How to use Tailwind CSS with Nuxt

Updated by Tom Wells on

Tailwind CSS is a utility-first CSS framework that is easily modified to suit your intended style. It comes with an extensive range of classes for your HTML markup to create components such as cards, buttons, form inputs and more with ease. This tutorial is for projects that use another CSS framework (such as Bootstrap) and want to switch to Tailwind. If it’s a new project, use create-nuxt-app as tailwind support is baked in.

Adding Tailwind into your project

Integrating with Nuxt is reasonably straightforward. All you need to do is install a new dependency, create a few new files and modify your nuxt.config.js.

To start with, add all your dependencies:

yarn add --dev @nuxtjs/tailwindcss node-sass sass-loader


npm i --save-dev @nuxtjs/tailwindcss node-sass sass-loader

Please note that sass-loader and node-sass are optional. But really, if you're using Nuxt for your project you should be familiar with the basics of css preprocessors and how they can enhance your CSS.

Changes required to your Nuxt config:

export default {
  buildModules: ['@nuxtjs/tailwindcss'],

  // Or, if nuxt < 2.9.0
  modules: ['@nuxtjs/tailwindcss']

Since we're using the @nuxtjs/tailwindcss dependency, all you need to do is run yarn dev or npm run dev and the package will create two new files in your project: /assets/css/tailwind.css and /tailwind.config.js. These are created with a basic configuration to get you up and running.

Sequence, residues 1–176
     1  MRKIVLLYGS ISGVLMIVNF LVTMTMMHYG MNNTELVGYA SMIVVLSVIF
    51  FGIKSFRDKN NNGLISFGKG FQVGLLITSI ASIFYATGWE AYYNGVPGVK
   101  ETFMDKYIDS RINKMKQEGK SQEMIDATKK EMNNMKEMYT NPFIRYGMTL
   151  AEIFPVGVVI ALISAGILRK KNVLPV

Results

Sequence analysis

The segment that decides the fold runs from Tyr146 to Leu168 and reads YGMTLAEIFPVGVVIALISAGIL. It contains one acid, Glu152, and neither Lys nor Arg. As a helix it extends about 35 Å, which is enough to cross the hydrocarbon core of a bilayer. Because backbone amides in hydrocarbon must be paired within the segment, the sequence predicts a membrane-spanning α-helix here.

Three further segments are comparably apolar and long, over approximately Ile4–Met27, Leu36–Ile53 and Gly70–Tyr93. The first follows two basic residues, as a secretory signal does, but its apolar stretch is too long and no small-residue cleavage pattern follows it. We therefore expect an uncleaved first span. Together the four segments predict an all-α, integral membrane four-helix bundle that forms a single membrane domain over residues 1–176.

That's it! Now you can use Tailwind classes in your project. However, feel free to read on if you want to learn how to extend your Tailwind configuration and/or add some default styles.

Extending Tailwind

Extending your Tailwind configuration is simple. All you need to do is modify your tailwind.config.js file.

To simply extend on an existing utility, use theme.extend. Extending a utility (such as listStyleType) is as simple as this:

module.exports = {
  theme: {
    extend: {
      listStyleType: {
        square: 'square'
  variants: {},
  plugins: []

Using extend here is important, as it won't overwrite any of the existing listStyleType classes already present in Tailwind. However, you'll now be able to use list-square in your project and any lists will now use a square bullet point.

Creating global styles

To create some global styles for your project, you need to modify your /assets/css/tailwind.css file created when you installed the @nuxtjs/tailwindcss dependency. Again, the team at Tailwind have made it super-easy to create some global styles, you just need to ensure they go at the bottom of the css file.

For example:

/* purgecss start ignore */
@import 'tailwindcss/base';
@import 'tailwindcss/components';
/* purgecss end ignore */
@import 'tailwindcss/utilities';

*:after {
  @apply box-border m-0;

You'll notice that we can use the @apply feature here. This is useful to keep your classes consistent and if you change or extend your tailwind config (seen above) then those changes will also be applied.

Wrapping up

As you can see, adding Tailwind to your existing Nuxt project is a simple process, but it adds a ton of flexibility. Once you’ve learned all the classes, creating intricate and intuitive user interfaces becomes a painless and enjoyable task, and this is why I highly recommend Tailwind for your project(s)!